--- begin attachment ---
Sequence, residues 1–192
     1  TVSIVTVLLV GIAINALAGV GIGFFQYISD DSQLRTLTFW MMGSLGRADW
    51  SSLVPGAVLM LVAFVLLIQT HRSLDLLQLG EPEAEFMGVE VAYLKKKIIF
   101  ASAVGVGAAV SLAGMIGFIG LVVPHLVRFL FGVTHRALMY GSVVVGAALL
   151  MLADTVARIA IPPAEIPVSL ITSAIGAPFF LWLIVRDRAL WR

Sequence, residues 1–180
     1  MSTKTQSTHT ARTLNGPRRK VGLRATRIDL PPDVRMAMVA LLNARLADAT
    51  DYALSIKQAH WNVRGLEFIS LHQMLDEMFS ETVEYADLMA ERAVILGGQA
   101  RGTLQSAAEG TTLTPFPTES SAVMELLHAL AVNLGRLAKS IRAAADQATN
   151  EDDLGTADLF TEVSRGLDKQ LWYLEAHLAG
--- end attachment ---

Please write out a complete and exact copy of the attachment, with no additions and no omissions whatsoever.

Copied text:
Sequence, residues 1–192
     1  TVSIVTVLLV GIAINALAGV GIGFFQYISD DSQLRTLTFW MMGSLGRADW
    51  SSLVPGAVLM LVAFVLLIQT HRSLDLLQLG EPEAEFMGVE VAYLKKKIIF
   101  ASAVGVGAAV SLAGMIGFIG LVVPHLVRFL FGVTHRALMY GSVVVGAALL
   151  MLADTVARIA IPPAEIPVSL ITSAIGAPFF LWLIVRDRAL WR

Sequence, residues 1–180
     1  MSTKTQSTHT ARTLNGPRRK VGLRATRIDL PPDVRMAMVA LLNARLADAT
    51  DYALSIKQAH WNVRGLEFIS LHQMLDEMFS ETVEYADLMA ERAVILGGQA
   101  RGTLQSAAEG TTLTPFPTES SAVMELLHAL AVNLGRLAKS IRAAADQATN
   151  EDDLGTADLF TEVSRGLDKQ LWYLEAHLAG